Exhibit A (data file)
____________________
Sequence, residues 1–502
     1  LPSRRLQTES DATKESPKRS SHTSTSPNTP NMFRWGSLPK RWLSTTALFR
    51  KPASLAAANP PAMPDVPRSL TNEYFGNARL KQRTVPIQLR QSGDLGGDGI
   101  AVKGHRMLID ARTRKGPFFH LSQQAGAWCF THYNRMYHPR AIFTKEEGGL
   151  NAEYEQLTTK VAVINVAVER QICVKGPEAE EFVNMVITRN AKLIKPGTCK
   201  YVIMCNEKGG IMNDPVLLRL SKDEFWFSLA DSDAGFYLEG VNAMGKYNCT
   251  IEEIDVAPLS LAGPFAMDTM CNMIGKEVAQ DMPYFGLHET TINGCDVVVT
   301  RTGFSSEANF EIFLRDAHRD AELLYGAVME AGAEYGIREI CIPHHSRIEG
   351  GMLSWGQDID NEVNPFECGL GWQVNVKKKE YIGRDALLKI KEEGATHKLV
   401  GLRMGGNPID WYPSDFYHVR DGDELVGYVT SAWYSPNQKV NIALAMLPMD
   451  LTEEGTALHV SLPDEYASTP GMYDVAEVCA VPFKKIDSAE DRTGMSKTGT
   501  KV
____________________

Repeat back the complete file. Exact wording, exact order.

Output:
Sequence, residues 1–502
     1  LPSRRLQTES DATKESPKRS SHTSTSPNTP NMFRWGSLPK RWLSTTALFR
    51  KPASLAAANP PAMPDVPRSL TNEYFGNARL KQRTVPIQLR QSGDLGGDGI
   101  AVKGHRMLID ARTRKGPFFH LSQQAGAWCF THYNRMYHPR AIFTKEEGGL
   151  NAEYEQLTTK VAVINVAVER QICVKGPEAE EFVNMVITRN AKLIKPGTCK
   201  YVIMCNEKGG IMNDPVLLRL SKDEFWFSLA DSDAGFYLEG VNAMGKYNCT
   251  IEEIDVAPLS LAGPFAMDTM CNMIGKEVAQ DMPYFGLHET TINGCDVVVT
   301  RTGFSSEANF EIFLRDAHRD AELLYGAVME AGAEYGIREI CIPHHSRIEG
   351  GMLSWGQDID NEVNPFECGL GWQVNVKKKE YIGRDALLKI KEEGATHKLV
   401  GLRMGGNPID WYPSDFYHVR DGDELVGYVT SAWYSPNQKV NIALAMLPMD
   451  LTEEGTALHV SLPDEYASTP GMYDVAEVCA VPFKKIDSAE DRTGMSKTGT
   501  KV